John Murry

John Murry

 Emeryville, California, USA

Southern ex-pat songwriter of hallucinatory fever dreams. Noisemaker. ----------------------------------- -----------------------------------


Tupelo, Mississippi native John Murry has been writing songs and making music virtually all his life. It’s just as well; what better way to spend your time in Mississippi, where all the truly great stories come from? His first steps onto the stage were at 18 years old as the singer, songwriter, and guitarist of The Dillingers in Memphis, Tennessee. Pitchfork's Stephen Deusner once wrote that “the Dillingers’ too-short career seemed to make a promise that they would blow our minds someday. Too bad the band didn’t stick around long enough to make good.”
Oh, but making good is so hard! And John Murry has kept on keeping on: Since the breakup of The Dillingers, John has been a sometime addition to the lineup of Memphis rock’n’roll heroes Lucero, and has participated in various other projects. That he was consoled and coddled as a baby for an afternoon by Colombian writer Gabriel Garcia Marquez while Marquez visited the hamlet of Oxford, Mississippi may or may not be true – in any case, it’s a good story, and that’s what counts in the South, where real life is doused in myth and, sometimes, vice versa (if this emphasis on mythology sounds overstated, let the skeptical reader be reminded of Quentin Compson, a fictional Southerner in Faulkner’s stories, who was given a commemorative plaque at the site of his fictional death by the Charles River in Cambridge, Massachusetts).
John has been writing and performing his own material for over a decade now. In fact, The Memphis Flyer's Chris Herrington once called John “the most idiosyncratic and erratic” of the city's singer/songwriters and Chris Davis, of Memphis Magazine, named him the city's best. He was known to almost pathologically form band's to perform his material, quickly refuse to play anything but covers, and then just as quickly disappear from the Memphis scene altogether. John’s qualities as a songwriter run in the family: He is William Faulkner’s second cousin. And, yes, John’s style is reminiscent of Faulkner’s --- but there are other literary inspirations, too: William Styron, Richard Wright, John Kennedy Toole, Philip Roth, Cervantes, Dostoyevsky, Kierkegaard, and Freud, just to name a few.
Evidence of these influences can be heard on 2006’s World Without End, a collection of original murder ballads John recorded with his friend Bob Frank (infamous for his self-titled 1972 Vanguard album) after John had moved to California. The record is dark, multilayered, and existentialist at heart, and thus it showcases both musicians’ heritage. Audiences were stunned, and critics were amazed: Rolling Stone’s David Fricke offers the following comparison: “With his low, hanging-judge drawl, Murry sounds as severe and modern as Leonard Cohen.” Granted, John sounds as severe as any number of tortured singers, but for John, it’s not an act he puts on for the sake of selling a song like so many successful indie musicians working today. It's real.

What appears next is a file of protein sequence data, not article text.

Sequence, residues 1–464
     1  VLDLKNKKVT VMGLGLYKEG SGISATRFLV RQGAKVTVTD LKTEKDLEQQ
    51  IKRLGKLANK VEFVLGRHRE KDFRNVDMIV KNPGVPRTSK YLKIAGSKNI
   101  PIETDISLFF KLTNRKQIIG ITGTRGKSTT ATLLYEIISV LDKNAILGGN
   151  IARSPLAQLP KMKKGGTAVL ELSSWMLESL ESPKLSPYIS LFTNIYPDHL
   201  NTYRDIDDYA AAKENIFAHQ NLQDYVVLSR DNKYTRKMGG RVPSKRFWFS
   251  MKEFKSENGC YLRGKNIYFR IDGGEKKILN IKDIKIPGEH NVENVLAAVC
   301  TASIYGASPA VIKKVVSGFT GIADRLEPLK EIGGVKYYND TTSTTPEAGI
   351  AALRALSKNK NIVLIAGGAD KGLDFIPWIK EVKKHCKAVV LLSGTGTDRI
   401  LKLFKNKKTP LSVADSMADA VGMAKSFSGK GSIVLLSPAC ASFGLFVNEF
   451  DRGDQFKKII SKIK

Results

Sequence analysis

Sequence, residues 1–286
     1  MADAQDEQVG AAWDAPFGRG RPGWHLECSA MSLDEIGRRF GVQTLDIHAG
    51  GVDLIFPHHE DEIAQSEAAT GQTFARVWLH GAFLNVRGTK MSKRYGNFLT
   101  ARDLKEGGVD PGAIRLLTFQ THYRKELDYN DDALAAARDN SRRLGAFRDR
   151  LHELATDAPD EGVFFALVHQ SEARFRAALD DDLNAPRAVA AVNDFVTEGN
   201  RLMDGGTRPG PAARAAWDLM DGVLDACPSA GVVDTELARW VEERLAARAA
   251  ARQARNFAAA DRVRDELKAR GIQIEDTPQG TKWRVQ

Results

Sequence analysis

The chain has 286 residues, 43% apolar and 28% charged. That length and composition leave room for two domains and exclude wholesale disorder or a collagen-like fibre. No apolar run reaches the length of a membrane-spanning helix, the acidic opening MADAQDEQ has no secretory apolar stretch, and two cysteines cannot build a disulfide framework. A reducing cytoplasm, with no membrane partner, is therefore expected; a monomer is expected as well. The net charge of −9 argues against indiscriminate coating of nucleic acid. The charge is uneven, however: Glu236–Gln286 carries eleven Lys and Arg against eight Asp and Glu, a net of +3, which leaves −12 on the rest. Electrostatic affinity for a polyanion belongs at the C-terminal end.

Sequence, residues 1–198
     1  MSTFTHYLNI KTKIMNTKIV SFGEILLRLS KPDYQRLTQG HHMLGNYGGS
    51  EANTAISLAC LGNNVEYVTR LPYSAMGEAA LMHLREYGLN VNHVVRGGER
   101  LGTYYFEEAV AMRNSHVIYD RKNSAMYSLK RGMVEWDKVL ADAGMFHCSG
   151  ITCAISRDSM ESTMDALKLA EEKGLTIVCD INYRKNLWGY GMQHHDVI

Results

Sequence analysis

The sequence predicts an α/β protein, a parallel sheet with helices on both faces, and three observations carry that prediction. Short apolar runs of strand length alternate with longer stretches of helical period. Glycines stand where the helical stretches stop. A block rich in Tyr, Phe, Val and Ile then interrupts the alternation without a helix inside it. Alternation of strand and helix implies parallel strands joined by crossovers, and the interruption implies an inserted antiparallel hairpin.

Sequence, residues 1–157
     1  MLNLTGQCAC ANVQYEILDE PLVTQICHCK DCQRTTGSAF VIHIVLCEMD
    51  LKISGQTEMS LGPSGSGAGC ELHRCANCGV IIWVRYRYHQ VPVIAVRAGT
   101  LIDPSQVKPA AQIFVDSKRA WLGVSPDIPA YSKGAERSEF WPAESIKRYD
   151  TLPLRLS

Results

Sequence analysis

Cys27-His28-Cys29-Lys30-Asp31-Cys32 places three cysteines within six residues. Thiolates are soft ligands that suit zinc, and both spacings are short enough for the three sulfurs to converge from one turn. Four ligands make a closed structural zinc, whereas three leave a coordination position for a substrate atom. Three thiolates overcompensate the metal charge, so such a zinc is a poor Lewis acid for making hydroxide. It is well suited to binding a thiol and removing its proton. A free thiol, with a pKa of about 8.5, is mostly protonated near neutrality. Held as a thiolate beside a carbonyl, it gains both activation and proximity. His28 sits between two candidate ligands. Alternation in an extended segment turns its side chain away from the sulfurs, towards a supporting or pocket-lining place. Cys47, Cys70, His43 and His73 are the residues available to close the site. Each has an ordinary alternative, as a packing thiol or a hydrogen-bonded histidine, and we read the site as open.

After an EP, a couple of tours, and another full-length record with Bob Frank (Brinkley, Ark., and Other Assorted Love Songs), John started working on his solo album – a project which seems to have had its own little plan to fuck with John. You see, the Odyssey it took to complete “The Graceless Age” makes Ulysses look like a princess in a sparkly gown. After a separation from his wife, John decided to ease the pain, at first with various pharmaceuticals and, later on, with heroin. John and his wife got back together, but heroin wouldn’t say goodbye, and John kept heeding His siren call and found sanctuary in the black pellets, the romanticized secrecy, and the religious beauty of it all.
Enough already, you say? – “No! More!” the record screamed, because that was when the shit really hit the fan and John and his wife’s house burned down on Thanksgiving morning, 2007. Utter defeat, unhappiness, more secrets, more heroin for John, some near-death experiences, more breakups, more reconciliations, even more breakups, and more conciliations ensued. John’s Odyssey even included a solitary retreat to Mexico and a temporary move back to his hometown of Tupelo, Mississippi, where he finally got clean. Southern roots are manifest in John’s songs, but they are neither uncritically loved nor bluntly scorned. Instead, John’s attitude is similar to (Faulkner’s character) Quentin’s compulsion to love the South: “I don't hate it he thought, […] I don't. I don't! I don't hate it! I don't hate it!” As ambivalent as his attitude toward it may be philosophically, the Southern heritage is the spirit that gave John Murry rise and, on a purely emotional level, he backs it wholeheartedly.
The solo album grew with every agonizing twist and gruesome turn in John’s life. Basic tracks were recorded over a period of two years in San Francisco, California at Tim Mooney’s Closer Recordings, with Mooney (of American Music Club fame) producing and a slew of familiar faces providing instrumentation for the songs: Michael Mullen on piano, Andrew Gerhan


As a member of Lucero:
-That Much Further West
With Bob Frank:
-World Without End
-Brinkley, Ark. & Other Assorted Love Songs
-The Graceless Age

Set List

8-10 Song. 45 minutes. 1 cover of Bobby Whitlock's "Thorntree In The Garden".